Spice Up Your Trip with These Kanazawa Basics!

Knowing a destination's characteristics can make a trip more interesting! Here is some basic information about Kanazawa, where you can enjoy beautiful traditional culture, a townscape full of nostalgia, and wonderful food. Why not deepen your understanding with this article?


In 1583, the feudal lord, Maeda Toshiie, entered (conquered) Kanazawa Castle, and since then, the town of Kanazawa developed as a castle town. It became a large city following Edo (today's Tokyo), Osaka, and Kyoto. The city today is a place that retains vestiges of its historic self, and a place where one can experience the beauty of Japanese culture. At the same time, there are many modern facilities, such as the renovated Kanazawa Station, and the 21st Century Museum of Contemporary Art, Kanazawa, where you can go to enjoy art. Kanazawa is an alluring town where modern sensibilities blend with an atmospheric scenery that retains elements of the good, old days.


The flatlands of the Kaga region of Ishikawa, where Kanazawa is, has a relatively mild climate. In the winter, temperatures drop due to seasonal northwesterly winds resulting in quite a few snow days. In particular, there is a lot of snow in the mountains. The Noto area, which protrudes into the Sea of Japan, is cooler than Kanazawa in the summer, and has less snow in the winter.


People in Kanazawa tend to be friendly and laid back. Few people clearly state their opinions, and there is the impression that people are careful and quiet. They are also hardworking and hardy, and are diligent workers.


Dialects in Ishikawa, including the Kanazawa-ben dialect spoken in Kanazawa, are largely influenced by Kansai (a region in south-western Japan that includes Osaka and Kyoto) dialects, such as in the accents when words are pronounced. It is also characterized by its many words that sound gentle. One such word is "anyato," which means thank you.

Transportation Guide

Reaching Kanazawa

Kanazawa is about 2.5 hours on the Hokuriku Shinkansen bullet train from Tokyo. it is also about 2.5 hours from Osaka on the limited express Thunderbird. If you want to fly, Komatsu Airport is the local airport. In addition to Haneda and Narita, there are flights that connect to Sapporo, Sendai, Fukuoka, and Naha. Internationally, there are direct flights from Taipei, Seoul, and Shanghai (Pudong). It is about 40 minutes by bus from the airport to Kanazawa Station.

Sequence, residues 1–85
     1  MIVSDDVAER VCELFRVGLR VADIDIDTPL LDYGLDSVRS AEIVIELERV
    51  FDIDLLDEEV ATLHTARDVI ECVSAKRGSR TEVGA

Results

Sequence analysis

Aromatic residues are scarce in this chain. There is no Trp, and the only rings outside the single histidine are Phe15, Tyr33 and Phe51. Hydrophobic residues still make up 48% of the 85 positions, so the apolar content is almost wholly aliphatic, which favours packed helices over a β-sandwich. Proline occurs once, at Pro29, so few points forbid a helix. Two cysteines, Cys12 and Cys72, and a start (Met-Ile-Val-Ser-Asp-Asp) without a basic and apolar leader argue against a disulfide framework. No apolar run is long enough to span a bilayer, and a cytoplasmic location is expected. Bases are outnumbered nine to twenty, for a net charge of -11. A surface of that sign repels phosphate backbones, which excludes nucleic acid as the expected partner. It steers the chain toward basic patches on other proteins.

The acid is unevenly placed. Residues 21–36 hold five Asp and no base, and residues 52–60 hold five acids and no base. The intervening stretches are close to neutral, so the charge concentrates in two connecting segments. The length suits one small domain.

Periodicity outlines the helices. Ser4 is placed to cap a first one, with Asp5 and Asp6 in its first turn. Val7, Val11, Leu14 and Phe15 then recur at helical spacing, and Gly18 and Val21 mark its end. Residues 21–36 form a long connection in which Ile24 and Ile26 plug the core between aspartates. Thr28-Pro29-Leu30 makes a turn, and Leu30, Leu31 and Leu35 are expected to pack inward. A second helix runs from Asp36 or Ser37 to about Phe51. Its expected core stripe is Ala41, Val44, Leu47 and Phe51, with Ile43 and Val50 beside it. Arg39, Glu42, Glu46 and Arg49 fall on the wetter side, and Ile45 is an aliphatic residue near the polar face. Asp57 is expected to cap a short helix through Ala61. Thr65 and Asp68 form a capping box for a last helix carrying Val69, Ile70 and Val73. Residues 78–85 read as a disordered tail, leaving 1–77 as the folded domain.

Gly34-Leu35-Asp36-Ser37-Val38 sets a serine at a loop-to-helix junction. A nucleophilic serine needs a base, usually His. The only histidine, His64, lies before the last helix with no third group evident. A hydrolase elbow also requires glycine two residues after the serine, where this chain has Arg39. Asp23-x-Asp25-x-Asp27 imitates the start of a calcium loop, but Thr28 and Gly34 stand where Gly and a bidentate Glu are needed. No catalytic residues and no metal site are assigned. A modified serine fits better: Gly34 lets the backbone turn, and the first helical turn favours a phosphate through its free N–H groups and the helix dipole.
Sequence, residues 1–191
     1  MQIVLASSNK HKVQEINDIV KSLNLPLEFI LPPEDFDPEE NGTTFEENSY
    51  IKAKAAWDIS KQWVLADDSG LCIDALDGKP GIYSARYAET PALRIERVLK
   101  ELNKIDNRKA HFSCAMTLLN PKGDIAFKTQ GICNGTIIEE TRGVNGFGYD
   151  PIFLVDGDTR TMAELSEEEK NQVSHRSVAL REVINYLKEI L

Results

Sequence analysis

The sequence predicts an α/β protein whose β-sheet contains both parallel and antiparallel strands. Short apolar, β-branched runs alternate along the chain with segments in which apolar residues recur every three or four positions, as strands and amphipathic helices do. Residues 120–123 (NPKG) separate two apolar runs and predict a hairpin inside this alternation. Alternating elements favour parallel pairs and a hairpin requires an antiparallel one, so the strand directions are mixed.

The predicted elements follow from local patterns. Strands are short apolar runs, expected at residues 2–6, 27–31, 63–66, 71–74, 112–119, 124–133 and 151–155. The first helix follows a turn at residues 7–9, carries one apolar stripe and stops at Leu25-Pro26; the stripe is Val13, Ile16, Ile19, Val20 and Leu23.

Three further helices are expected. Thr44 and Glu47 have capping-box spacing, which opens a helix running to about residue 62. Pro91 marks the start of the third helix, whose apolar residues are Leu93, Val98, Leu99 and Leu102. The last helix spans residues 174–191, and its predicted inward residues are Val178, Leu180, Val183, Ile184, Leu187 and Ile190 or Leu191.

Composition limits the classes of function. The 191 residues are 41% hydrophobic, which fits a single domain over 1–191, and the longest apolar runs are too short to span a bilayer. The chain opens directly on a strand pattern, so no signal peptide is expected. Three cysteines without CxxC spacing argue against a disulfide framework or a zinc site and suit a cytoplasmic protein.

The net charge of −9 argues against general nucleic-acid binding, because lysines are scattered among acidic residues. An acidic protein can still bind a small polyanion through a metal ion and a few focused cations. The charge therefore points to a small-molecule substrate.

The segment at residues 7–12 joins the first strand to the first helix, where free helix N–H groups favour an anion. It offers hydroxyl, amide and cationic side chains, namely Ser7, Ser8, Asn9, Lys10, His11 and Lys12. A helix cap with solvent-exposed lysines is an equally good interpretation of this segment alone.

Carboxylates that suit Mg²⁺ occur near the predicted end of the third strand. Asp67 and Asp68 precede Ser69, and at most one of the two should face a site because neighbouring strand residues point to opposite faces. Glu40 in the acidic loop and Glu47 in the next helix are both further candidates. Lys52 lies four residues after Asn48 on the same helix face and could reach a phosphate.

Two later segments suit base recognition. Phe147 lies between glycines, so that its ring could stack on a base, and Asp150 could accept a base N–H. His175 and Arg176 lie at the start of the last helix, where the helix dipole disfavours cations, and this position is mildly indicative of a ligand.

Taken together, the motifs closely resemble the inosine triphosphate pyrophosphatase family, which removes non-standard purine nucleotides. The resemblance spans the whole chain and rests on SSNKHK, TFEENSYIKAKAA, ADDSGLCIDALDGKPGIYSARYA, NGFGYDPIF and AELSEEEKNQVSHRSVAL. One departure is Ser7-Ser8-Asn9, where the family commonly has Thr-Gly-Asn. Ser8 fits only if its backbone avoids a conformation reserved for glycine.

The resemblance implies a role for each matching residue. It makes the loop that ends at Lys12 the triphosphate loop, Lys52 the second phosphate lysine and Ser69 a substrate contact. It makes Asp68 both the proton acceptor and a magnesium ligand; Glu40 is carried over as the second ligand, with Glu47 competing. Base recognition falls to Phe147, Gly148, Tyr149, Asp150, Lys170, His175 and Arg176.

Intracity Transportation

Buses are the main mode of transportation in the city. The Kanazawa Loop Bus is the best service to use if you are visiting the major tourist sites. A retro bonnet bus circles around 12 locations starting from Kanazawa Station and goes to such places as the Higashi Chaya district, Kenrokuen Garden, and Omi-cho Market. The One Day Pass (500 JPY for adult, 250 JPY for child) is a great deal. The Kenrokuen Shuttle that runs between Kanazawa Station and Kenrokuen Garden is also convenient. Also, most destinations are in the city center, so rental bicycles are recommended as well.

Major Tourist Spots

A major tourist spot in Kanazawa is Kenrokuen Garden, which is one of Japan's Three Most Beautiful Gardens. It was given the name, Kenrokuen, which means "having six factors," because it has the six attributes of a beautiful garden: spaciousness, tranquility, artifice, antiquity, springs, and a magnificent view. One of its attractions is that the atmosphere changes each season. Other must-see spots include the Higashi Chaya District, which is designated a Preservation District for Groups of Important Traditional Buildings by the national government, the Buke Yashiki district where samurai houses remain, and Myoryuji, which has hidden chambers and stairs and is referred to as "ninja temple."

Famous Meals to Try

Kanazawa is famous for its "Kaga Ryori," their regional cuisine made using local ingredients. It uses simple flavors with mass appeal, but is refined by the presentation in glamorous tableware. A representative dish is jibuni, a dish unique to Kanazawa made with duck or chicken cooked with vegetables and sudare-fu (fu is seitan) with salty-sweet flavors. The wasabi that is added at the end brings out the sweetness of the meat. The kaisendon seafood bowl with seasonal fish from Kanazawa Port is also a must try! Stop by Omi-cho Market, which sells an abundance of tasty ingredients and has many shops serving kaisendon.

Recommended Souvenirs

Kanazawa is a city where many traditional crafts have been handed down over the generations. There are many beautiful crafts that demonstrate the artisans' skills, such as Kanazawa-shikki lacquerware, known for the brilliance of its gold lacquer paintings, the colorful silk dyes of Kaga Yuzen, and Kutaniyaki porcelain distinguished by its unique reds. Kaga Temari is popular as an affordable craft item. The temari handballs with vibrant embroidery have uniquely Japanese color patterns. Each temari has a bell inside so that it makes a cute jingling sound whenever it is moved. A temari is also said to act as an amulet and bring happiness, so it is popular as an auspicious gift.

The ancient city of Kanazawa, which once flourished as a castle town, is a place where you can experience good, old Japan. Please enjoy a trip where you can steep yourself in history and culture.

*Please note that the information in this article is from the time of writing or publication and may differ from the latest information.

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